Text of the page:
The first fintechs made their name in sectors such as lending – witness the crowdfunding revolution – and payments, where disruptive new entrants are now market leaders in many cases. But while it is not surprising that the innovators chose to focus on these less closely-regulated areas of the financial services market, the biggest prizes of all will in the end be found elsewhere. This is why we have now begun to see leading figures in the fintech sector begin to coalesce around the asset management sector.
They are right to do so. Asset management is currently characterised, far too often, by high fees and indifferent performance. An industry where customers are very often poorly served should be a prime target for disruptive new entrants. High barriers to entry such as the regulatory burden and the importance of brand value have provided incumbents with some protection so far. But neither issue is as problematic as in other areas of financial services – asset managers aren’t subject to the same level of capital requirements as the banks, for example; nor do they enjoy the same levels of brand recognition.
Moreover, fintechs can see where the opportunities lie. Big data and analytics tools, for example, have the potential to underpin a new breed of real-time investment strategies that can deliver much more predictable and bespoke returns than an intuitive approach to asset management. Technology can be an enabler in offering people access to services that were once out of their reach – from robo-advice to private banking and wealth management.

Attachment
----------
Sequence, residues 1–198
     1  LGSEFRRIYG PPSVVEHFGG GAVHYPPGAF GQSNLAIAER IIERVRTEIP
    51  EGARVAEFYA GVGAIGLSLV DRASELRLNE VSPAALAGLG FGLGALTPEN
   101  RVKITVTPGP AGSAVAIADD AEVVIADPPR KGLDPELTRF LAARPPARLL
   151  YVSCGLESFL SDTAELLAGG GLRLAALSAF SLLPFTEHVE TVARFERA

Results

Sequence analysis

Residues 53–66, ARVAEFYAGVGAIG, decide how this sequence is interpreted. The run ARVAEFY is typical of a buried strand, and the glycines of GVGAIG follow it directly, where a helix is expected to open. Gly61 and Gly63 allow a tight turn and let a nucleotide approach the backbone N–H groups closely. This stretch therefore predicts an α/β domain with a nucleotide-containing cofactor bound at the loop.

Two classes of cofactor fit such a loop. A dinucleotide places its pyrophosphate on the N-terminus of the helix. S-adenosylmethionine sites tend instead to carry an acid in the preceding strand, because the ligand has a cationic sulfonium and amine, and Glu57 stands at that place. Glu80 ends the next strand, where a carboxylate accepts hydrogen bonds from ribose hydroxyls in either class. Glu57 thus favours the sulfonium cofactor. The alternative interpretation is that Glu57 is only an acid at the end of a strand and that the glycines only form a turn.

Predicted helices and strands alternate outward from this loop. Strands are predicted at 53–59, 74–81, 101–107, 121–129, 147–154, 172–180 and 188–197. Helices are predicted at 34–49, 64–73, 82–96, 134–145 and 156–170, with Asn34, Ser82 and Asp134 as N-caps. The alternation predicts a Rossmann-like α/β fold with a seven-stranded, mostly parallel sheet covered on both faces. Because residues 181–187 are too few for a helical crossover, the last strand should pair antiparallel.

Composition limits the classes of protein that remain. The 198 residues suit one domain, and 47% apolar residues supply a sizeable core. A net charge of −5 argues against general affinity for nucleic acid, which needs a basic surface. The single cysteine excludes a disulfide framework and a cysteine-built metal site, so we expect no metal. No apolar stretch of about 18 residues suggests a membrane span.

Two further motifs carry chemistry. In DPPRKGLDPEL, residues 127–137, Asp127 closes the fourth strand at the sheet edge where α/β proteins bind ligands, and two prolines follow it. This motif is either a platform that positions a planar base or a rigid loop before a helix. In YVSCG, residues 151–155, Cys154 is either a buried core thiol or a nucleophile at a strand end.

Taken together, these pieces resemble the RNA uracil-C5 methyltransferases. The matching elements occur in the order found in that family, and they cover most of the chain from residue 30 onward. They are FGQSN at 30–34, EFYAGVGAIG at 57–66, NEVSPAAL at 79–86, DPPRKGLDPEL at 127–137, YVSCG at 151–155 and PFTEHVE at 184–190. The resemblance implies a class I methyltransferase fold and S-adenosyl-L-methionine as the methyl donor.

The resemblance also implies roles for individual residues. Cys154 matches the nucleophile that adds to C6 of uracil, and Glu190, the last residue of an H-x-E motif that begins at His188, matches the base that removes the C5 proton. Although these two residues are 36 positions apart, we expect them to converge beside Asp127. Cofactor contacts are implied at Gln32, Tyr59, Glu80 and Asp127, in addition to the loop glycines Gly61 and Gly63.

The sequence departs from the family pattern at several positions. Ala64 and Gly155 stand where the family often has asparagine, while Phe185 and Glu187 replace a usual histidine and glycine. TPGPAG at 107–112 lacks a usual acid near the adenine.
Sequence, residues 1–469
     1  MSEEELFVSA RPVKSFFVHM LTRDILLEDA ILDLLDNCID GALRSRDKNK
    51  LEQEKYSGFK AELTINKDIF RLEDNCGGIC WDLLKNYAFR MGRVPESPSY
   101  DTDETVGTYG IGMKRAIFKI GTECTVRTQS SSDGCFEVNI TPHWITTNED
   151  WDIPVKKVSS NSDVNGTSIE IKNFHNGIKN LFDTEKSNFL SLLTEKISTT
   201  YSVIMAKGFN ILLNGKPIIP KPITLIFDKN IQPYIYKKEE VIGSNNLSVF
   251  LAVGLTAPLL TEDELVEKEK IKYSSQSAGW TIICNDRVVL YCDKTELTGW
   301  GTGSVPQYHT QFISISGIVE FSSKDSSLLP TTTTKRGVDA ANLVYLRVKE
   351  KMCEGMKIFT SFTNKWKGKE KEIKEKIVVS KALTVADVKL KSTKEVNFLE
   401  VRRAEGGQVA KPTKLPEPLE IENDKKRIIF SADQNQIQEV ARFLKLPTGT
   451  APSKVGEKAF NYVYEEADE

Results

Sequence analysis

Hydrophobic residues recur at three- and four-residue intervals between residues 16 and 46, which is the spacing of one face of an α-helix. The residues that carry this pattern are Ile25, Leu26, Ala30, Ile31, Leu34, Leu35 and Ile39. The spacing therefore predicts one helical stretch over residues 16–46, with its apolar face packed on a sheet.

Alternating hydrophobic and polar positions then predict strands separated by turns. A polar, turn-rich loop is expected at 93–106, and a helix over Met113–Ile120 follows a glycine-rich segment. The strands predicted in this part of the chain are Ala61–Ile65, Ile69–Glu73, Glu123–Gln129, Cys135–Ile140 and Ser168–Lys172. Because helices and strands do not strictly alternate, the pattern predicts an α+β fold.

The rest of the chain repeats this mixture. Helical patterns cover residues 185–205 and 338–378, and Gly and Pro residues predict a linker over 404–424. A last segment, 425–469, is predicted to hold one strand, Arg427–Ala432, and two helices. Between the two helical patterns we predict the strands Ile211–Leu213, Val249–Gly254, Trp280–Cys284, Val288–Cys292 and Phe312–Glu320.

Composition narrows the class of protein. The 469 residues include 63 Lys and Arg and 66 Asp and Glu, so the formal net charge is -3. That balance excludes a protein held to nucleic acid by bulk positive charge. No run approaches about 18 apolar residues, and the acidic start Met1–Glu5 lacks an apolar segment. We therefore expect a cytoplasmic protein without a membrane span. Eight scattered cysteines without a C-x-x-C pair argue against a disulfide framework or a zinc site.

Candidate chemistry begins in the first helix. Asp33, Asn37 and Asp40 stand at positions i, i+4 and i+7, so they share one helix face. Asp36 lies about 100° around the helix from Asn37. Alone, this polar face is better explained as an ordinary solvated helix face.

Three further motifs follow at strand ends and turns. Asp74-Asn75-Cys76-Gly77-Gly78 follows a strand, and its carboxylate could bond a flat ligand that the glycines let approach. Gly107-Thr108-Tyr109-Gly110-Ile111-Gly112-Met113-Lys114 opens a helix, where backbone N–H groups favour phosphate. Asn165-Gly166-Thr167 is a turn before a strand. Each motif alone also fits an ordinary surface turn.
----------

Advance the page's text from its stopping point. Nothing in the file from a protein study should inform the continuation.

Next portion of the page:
In the UK, Europe’s biggest centre of asset management, fintechs have woken up to the potential. A report published earlier this year by the consultancy PwC, which has a partnership with the Startupbootcamp accelerator programme, found that “investment management has ousted payments as fintech’s hottest area”. More than half the fintechs with which PwC is now working through Startupbootcamp are asset or investment management businesses of one type or another.
However, it’s not just the UK where fintechs are targeting the asset management sector – the same is true in both France and Germany too.
In France, for example, where consultancy EY says fintechs are attracting more venture capital business than ever before, a string of new ventures are targeting the asset management space. They include businesses such as Advize, set up in 2012 as the first French robo-advisor, which now offers everything from securities accounts to pension plans. Another example is Yomoni, launched in 2014 to target high-net-worth individuals with a model based on risk profiling tools.
In Germany, meanwhile, the fintech sector is catching up with its European rivals – there are now half as many again fintechs operating in Germany as there were 12 months ago. Close to 50 companies are vying for attention in the investment management market alone according to one recent analysis; the same research suggested that by 2020, German robo-advisors could have a market share of 2.5 per cent – the equivalent of around €25 billion.
France and Germany both still have some work to do in terms of ensuring regulation doesn’t get in the way of innovation. However, progress is being made. In France, the coming together of more than 35 fintechs to form France Fintech this year will give the sector a medium through which to make more influential representations to the regulatory authorities. In Germany, regulators have now begun to explore how they can get out of the way of digital technologies in fields such as robo-advice.
Such efforts underline the extent to which Europe’s policymakers now see the potential for fintechs to shake up asset management – in London, Paris and Berlin, that has already begun to happen.